Jones said earlier this month that he was ready for execution. He used a wheelchair and he’d had a leg amputated in prison because of diabetes.
Williams’ “morbid obesity makes it likely that either the IV line cannot be placed or that it will be placed in error, thus causing substantial damage (like a collapsed lung),” his attorneys wrote in an earlier court filing asking justices to block the execution.
Both men were served last meals on Monday afternoon, according to Graves, the corrections department spokesman. Jones had fried chicken, potato logs with tartar sauce, beef jerky bites, three candy bars, a chocolate milkshake and fruit punch. Williams had fried chicken, banana pudding, nachos, two sodas and potato logs with ketchup, Graves said.
In recent pleadings before state and federal courts, the inmates said the three drugs Arkansas uses to execute prisoners — midazolam, vecuronium bromide and potassium chloride — could be ineffective because of their poor health.
Williams weighed 400 pounds, was diabetic and had concerns that the execution team might not be able to find a suitable vein to support an intravenous line.
The poor health of both men, their lawyers claimed, could make it difficult for them to respond during a consciousness check following a megadose of midazolam. The state shouldn’t risk giving them drugs to stop their lungs and hearts if they aren’t unconscious, they have told courts.
The last state to put more than one inmate to death on the same day was Texas, which executed two killers in August 2000. Oklahoma planned a double execution in 2014 but scrapped plans for the second one after the execution of Clayton Lockett went awry.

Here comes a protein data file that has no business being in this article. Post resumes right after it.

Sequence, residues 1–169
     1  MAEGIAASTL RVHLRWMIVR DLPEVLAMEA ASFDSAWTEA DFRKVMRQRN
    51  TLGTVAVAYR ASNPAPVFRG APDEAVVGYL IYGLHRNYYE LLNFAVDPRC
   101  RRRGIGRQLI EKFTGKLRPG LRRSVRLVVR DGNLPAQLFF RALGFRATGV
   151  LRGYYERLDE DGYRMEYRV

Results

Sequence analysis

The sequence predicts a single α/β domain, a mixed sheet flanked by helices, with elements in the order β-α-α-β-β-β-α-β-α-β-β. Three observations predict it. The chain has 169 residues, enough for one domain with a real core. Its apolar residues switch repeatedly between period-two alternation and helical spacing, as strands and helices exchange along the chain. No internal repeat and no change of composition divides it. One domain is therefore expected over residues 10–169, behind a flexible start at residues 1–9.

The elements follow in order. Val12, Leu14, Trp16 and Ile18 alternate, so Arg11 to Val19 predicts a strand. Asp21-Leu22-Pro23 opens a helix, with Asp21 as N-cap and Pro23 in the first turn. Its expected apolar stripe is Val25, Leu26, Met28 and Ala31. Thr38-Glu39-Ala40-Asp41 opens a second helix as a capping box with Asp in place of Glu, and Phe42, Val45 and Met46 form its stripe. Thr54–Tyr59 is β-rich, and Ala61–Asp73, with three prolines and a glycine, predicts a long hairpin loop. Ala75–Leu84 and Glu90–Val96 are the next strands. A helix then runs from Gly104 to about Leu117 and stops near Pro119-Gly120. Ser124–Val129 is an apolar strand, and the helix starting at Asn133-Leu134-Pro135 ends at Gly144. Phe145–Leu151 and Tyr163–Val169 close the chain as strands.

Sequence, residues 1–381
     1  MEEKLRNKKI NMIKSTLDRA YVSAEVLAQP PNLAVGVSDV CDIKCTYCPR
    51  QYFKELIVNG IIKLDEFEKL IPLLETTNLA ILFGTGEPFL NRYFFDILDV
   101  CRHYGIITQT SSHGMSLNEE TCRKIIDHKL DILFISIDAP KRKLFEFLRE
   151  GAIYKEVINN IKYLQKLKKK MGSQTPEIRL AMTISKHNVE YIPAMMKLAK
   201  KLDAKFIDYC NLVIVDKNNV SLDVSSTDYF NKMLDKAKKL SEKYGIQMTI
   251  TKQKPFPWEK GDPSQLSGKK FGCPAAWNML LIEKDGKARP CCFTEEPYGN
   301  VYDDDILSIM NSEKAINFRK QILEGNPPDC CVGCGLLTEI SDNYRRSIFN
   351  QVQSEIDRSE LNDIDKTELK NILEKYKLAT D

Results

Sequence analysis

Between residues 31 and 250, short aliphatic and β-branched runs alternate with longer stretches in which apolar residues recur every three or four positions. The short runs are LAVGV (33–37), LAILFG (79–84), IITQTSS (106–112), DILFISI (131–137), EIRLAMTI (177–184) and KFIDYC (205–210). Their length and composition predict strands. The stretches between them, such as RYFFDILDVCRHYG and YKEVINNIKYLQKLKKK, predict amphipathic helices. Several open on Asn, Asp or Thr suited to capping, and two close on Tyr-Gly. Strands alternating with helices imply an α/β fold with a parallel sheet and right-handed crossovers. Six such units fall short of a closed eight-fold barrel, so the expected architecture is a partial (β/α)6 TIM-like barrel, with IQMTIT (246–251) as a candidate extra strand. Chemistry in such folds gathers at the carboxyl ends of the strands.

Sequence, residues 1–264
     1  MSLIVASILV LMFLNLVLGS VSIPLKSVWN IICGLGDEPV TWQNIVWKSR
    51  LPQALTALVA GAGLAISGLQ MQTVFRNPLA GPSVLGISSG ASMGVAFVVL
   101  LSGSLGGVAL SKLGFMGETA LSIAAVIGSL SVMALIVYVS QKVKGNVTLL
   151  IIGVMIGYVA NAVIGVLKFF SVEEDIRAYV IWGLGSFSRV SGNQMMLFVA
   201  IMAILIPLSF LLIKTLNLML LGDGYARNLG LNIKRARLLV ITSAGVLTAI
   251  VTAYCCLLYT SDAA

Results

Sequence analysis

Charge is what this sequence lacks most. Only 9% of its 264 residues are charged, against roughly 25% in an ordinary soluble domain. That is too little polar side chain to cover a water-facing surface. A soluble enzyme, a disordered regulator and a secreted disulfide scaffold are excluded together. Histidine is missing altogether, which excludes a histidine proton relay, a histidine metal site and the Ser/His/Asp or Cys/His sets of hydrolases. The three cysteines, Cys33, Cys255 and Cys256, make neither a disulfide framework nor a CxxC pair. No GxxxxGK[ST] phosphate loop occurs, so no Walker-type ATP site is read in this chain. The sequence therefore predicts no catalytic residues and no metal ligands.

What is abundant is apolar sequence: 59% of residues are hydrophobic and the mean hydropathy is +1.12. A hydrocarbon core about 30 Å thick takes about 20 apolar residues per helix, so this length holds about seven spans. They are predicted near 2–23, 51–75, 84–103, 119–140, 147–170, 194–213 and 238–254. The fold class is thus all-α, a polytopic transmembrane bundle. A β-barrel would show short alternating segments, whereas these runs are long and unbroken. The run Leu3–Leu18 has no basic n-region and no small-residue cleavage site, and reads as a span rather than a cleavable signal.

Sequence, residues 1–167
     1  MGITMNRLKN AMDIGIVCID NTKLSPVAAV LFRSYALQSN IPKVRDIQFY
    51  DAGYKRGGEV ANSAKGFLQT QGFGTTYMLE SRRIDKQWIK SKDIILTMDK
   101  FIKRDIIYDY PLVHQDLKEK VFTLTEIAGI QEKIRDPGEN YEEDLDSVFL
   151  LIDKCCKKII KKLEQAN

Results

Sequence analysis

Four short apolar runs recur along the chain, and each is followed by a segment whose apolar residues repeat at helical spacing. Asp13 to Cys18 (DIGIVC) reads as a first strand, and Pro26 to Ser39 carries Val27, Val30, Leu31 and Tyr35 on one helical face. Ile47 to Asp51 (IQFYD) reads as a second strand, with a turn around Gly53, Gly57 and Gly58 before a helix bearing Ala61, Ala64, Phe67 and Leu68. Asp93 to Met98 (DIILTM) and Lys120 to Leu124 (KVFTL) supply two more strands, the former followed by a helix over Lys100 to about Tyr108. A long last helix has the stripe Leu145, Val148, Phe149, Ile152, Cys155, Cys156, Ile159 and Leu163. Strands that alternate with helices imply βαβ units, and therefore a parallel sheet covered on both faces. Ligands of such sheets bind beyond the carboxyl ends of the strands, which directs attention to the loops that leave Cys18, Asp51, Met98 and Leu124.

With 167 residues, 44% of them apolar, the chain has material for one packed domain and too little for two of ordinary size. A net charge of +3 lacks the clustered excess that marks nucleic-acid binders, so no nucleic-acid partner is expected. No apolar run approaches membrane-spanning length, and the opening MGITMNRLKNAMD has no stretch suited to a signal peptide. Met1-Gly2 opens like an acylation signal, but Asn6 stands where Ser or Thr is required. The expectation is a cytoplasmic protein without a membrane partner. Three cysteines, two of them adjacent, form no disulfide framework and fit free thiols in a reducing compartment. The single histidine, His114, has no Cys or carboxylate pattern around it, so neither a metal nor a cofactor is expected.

Arkansas executed four men in an eight-day period in 1960. The only quicker pace included quadruple executions in 1926 and 1930.
Williams was sent to death row for the 1994 rape and killing of 22-year-old Stacy Errickson, whom he kidnapped from a gas station in central Arkansas.
Authorities said Williams abducted and raped two other women in the days before he was arrested in Errickson’s death. Williams admitted responsibility to the state Parole Board last month.
“I wish I could take it back, but I can’t,” Williams told the board.
In a letter earlier this month, Jones said he was ready to be killed by the state. The letter, which his attorney read aloud at his clemency hearing, went on to say: “I shall not ask to be forgiven, for I haven’t the right.”
Including Jones and Williams, nine people have been executed in the United States this year, four in Texas, three in Arkansas and one each in Missouri and Virginia. Last year, 20 people were executed, down from 98 in 1999 and the lowest number since 14 in 1991, according to the Death Penalty Information Center.
This combination of undated file photos provided by the Arkansas Department of Correction shows death-row inmates Jack Jones, left, and Marcel Williams. The two Arkansas inmates scheduled to be put to death Monday, April 24, 2017, in what could be the nation’s first double execution in more than 16 years have asked an appeals court to halt their lethal injections because of poor health. (Arkansas Department of Correction via AP, File)